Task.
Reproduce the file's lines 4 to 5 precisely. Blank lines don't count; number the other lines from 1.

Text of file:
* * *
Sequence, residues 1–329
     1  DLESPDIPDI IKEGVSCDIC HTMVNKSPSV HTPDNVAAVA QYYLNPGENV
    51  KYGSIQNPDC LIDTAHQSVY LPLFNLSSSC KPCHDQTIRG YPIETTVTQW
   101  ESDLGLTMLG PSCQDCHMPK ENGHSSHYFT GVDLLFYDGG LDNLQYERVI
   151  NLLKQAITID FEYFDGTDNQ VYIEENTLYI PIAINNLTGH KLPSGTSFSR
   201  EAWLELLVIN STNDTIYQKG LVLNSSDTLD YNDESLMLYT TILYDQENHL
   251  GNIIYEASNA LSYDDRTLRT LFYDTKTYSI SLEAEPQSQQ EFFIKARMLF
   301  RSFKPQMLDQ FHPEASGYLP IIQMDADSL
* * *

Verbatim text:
   101  ESDLGLTMLG PSCQDCHMPK ENGHSSHYFT GVDLLFYDGG LDNLQYERVI
   151  NLLKQAITID FEYFDGTDNQ VYIEENTLYI PIAINNLTGH KLPSGTSFSR